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Not OK: Blocking abusive payment messages

06:00am April 29 2021

Banks have taken action to stop abusive messages sent via the payments platform. (Getty)

Women’s safety, including in workplaces, has rightly been in focus in recent months.

For us as a bank, a clear extension of this discourse is financial safety – and what more the industry can do to ensure all customers feel safe and protected in their financial affairs.

Sadly, however, around two years ago a disturbing form of abuse was uncovered involving a digital banking feature that was put in place to benefit customers but was being used in abusive ways.

These abusers had worked out that one of the many features of Australia’s new industry-wide payment platform launched in 2018 – the ability to include messages with up to 280 characters to enhance a payment’s remittance information – enabled them to use transactions to send inappropriate messages to their victims.

That people would even think to use the banking system as an alternative messaging platform was quite incredible, but to use it to send abuse, to threaten and intimidate was unnerving and, quite frankly, disgusting.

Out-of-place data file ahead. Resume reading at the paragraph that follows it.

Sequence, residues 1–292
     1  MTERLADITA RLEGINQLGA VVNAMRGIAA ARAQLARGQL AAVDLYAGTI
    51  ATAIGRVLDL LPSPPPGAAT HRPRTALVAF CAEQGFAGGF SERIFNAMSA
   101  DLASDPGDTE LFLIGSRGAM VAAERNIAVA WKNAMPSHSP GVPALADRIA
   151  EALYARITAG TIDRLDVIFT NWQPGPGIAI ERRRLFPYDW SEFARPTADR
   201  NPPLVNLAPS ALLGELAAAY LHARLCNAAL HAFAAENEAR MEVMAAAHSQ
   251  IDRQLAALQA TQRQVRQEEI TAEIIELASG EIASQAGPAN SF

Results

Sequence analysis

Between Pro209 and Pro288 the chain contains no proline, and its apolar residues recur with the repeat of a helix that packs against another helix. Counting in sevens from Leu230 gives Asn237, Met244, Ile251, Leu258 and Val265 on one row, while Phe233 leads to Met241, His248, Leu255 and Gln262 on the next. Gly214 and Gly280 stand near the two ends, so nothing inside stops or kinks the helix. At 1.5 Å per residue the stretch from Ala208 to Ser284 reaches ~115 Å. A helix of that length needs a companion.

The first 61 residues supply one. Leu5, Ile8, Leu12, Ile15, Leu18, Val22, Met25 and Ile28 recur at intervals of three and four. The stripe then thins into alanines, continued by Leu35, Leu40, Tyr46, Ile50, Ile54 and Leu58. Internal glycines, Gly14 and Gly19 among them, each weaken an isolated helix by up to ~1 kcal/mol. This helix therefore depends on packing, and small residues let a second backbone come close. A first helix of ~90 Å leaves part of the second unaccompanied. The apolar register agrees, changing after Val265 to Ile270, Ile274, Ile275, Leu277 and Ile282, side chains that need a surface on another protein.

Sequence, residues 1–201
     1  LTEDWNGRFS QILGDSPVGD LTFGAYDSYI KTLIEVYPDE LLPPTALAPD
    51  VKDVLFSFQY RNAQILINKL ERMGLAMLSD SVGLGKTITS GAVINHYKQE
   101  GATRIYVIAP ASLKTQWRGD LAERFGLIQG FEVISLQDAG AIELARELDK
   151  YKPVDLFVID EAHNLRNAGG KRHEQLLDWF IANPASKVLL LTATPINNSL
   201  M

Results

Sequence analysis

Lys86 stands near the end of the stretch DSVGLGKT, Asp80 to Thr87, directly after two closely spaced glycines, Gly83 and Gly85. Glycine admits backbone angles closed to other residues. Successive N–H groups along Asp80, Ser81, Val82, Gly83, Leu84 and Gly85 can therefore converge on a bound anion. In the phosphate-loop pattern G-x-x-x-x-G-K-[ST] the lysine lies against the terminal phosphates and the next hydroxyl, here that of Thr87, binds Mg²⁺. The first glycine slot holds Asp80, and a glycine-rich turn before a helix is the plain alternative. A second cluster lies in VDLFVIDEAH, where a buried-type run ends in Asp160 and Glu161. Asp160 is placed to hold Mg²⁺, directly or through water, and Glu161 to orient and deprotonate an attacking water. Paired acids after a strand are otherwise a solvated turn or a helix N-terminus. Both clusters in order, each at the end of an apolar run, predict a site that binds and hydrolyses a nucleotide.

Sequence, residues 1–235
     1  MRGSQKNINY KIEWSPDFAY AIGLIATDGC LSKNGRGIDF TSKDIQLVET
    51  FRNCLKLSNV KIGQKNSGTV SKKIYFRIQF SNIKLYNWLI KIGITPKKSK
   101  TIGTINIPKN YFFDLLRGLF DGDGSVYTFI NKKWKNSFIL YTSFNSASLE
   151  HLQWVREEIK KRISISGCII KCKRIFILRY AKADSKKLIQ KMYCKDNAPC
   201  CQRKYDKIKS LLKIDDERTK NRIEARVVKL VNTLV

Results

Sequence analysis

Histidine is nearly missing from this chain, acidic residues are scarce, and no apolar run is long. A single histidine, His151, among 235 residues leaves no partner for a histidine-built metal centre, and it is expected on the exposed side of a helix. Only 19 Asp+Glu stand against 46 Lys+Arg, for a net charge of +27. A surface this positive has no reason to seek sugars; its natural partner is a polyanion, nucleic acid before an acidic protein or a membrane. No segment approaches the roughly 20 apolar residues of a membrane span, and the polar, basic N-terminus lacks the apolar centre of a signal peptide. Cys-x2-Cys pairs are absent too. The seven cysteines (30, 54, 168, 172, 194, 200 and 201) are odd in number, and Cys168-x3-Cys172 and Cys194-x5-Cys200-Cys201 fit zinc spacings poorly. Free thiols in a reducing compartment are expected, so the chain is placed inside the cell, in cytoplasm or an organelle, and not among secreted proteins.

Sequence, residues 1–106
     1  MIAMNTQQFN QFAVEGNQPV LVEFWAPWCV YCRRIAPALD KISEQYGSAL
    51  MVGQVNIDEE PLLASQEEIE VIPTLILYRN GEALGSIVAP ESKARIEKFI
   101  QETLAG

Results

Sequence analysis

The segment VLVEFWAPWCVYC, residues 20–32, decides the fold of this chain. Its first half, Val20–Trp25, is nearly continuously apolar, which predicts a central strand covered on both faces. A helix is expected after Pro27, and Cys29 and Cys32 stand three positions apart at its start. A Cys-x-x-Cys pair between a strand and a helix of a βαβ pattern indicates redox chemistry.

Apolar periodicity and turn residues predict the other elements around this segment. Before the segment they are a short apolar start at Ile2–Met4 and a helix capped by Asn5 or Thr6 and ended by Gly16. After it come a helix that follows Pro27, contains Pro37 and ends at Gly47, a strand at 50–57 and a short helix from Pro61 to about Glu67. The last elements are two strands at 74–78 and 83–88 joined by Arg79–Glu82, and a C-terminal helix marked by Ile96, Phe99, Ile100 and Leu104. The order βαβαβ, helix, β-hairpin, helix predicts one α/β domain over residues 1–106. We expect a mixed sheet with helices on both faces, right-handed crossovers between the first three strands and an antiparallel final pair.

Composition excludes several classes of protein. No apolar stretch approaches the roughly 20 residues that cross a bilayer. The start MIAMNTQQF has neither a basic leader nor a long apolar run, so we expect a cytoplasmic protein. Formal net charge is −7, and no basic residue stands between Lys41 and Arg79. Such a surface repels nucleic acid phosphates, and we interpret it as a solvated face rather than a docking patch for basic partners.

Almost three decades in customer care roles at Westpac has shown me how often disrespect, shocking behaviour, manipulation and abuse in personal lives can overflow into banking. But what shocked me most about the abusive payment messages was its scale – affecting hundreds of customers, daily – and the fact that the abuse directed towards women was particularly appalling.

The issue can be traced back to about a year after the New Payments Platform went live and the industry detected – in Westpac’s case, by our fraud team – a notable increase in “colourful” language in payment messages.

While most of this was simply banter – for example, jokes between friends while paying each other their share for a night out – some was far more sinister, with abusive, harassing and sometimes violent undertones. The perpetrators were making low value transactions – often as little as 1c – as a means to contact their victims.

From that moment, banks moved to deal with these unintended consequences – and have agreed as an industry to take action to address this new form of financial abuse.

At Westpac, we immediately began manual detection and escalation while developing an automated monitoring solution with advanced data analytics. Since switching on the new technology in January, more than 6000 payments made by Westpac and St.George customers have been blocked, in real-time, and the customer notified, because they included a message with words deemed inappropriate or offensive.

We took another major step last month, enabling customers who receive an abusive message to report it to us by clicking a report button, alerting a dedicated team.